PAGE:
Let those that are united to me in tender ties
be precious in thy sight and devoted to thy glory.
Sanctify and prosper my domestic devotion,
instruction, discipline, example,
that my house may be a nursery for heaven,
my church the garden of the Lord,
enriched with trees of righteousness of thy planting,
for thy glory;
Let not those of my family who are amiable, moral, attractive,
fall short of heaven at last;
Grant that the promising appearances of a tender conscience,
soft heart, the alarms and delights of thy Word,
be not finally blotted out,
but bring forth judgment unto victory in all whom I love.

October 03, 2009

Here is some food for thought from John Stott. It comes courtesy of The Cross of Christ.

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The kind of God that appeals to most people today would be easy-going in his tolerance of our offenses. He would be gentle, kind, accommodating. He would have no violent reactions. Unhappily, even in the church we seemed to have lost the vision of the majesty of God. There is much shallowness and levity among us. Prophets and psalmists would probably say of us, “There is no fear of God before their eyes.” In public worship our habit is to slouch or squat; we do not kneel nowadays, let alone prostrate ourselves in humility before God. It is more characteristic of us to clap our hands with joy than to blush with shame or tears. We saunter up to God to claim his patronage and friendship; it does not occur to us that he might send us away. We need to hear again the Apostle Peter’s sobering words, “Since you call on a father who judges each man’s work impartially, live your lives. . in reverent fear.” (I Peter 1:17) In other words, if we dare to call our judge our Father, we must beware of presuming on him. It must even be said that our evangelical emphasis on the atonement is dangerous if we come to it too quickly. We learn to appreciate the access to God which Christ has won only after we have first cried, “Woe is me for I am lost.” In Dale’s words, “It is partly because sin does not provoke our own wrath that we do not believe that sin provokes the wrath of God.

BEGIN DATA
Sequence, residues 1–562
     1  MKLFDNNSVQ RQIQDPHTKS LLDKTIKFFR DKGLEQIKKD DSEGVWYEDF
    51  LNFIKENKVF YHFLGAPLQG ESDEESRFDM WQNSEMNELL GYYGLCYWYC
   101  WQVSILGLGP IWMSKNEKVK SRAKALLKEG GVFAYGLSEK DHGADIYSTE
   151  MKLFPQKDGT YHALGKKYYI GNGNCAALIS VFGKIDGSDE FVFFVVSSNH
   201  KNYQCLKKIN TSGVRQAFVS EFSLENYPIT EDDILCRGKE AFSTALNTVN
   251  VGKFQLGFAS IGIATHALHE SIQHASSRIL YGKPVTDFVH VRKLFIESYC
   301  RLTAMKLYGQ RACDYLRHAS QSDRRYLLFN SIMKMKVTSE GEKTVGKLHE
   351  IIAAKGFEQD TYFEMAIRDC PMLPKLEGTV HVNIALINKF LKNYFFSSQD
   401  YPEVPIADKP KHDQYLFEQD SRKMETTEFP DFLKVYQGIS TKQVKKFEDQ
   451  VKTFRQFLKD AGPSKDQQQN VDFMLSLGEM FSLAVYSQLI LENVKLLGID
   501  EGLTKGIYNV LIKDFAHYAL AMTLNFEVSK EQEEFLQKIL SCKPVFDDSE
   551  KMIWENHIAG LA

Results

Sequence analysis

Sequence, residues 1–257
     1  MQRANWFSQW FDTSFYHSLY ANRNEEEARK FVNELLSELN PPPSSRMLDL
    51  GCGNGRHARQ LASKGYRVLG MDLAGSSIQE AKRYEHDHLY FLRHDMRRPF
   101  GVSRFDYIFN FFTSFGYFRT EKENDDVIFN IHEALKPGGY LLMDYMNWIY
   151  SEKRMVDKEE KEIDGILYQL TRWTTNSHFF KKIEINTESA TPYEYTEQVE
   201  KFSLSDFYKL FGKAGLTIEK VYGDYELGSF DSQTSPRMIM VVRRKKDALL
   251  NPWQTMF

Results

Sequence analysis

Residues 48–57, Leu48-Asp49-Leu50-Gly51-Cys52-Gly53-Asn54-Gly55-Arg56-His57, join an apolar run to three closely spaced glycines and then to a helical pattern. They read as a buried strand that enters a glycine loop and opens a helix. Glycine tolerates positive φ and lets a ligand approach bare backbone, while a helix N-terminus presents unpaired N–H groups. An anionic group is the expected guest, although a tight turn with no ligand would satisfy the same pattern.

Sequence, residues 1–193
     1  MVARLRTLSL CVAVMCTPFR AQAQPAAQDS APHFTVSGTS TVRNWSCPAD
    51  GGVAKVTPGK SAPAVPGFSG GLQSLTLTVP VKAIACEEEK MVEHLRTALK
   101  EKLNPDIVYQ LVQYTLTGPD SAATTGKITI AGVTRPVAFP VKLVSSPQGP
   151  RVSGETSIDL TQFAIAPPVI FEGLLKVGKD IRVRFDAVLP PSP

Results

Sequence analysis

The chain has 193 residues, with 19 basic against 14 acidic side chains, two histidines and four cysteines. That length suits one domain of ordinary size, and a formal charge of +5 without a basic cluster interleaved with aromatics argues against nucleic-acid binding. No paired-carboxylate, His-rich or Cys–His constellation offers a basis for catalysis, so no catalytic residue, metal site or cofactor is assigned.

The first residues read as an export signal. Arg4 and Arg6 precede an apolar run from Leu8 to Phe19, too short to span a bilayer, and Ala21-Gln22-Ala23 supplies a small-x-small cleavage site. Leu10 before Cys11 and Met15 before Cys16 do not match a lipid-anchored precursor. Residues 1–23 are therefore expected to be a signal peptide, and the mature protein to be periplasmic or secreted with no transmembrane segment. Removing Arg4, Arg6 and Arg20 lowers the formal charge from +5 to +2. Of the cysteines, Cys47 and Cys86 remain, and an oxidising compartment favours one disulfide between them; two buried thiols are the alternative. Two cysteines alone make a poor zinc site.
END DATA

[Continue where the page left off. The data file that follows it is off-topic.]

September 27, 2009

I have (slowly) been reading Bruce Gordon’s new biography of Calvin (titled simply Calvin) and recently came to a chapter describing the situation in France during Calvin’s ministry in Geneva. As a Frenchman, Calvin’s influence spread beyond Geneva and into his native land. There Protestants, some connected to Calvin and others not, were being killed as part of a systematic effort to root out the seditious faith. Many were hunted down, tortured and executed.

This short description of such an occasion comes from the pen of Eustache Knobelsdorf, a Catholic German who was studying in Paris. He witnessed the execution of a Protestant in 1542 and wrote out an account. I reproduce it here because it stands as a testimony of God’s truthfulness when he says that he will care for his own, not necessarily by avoiding the fire, but sometimes through the fire.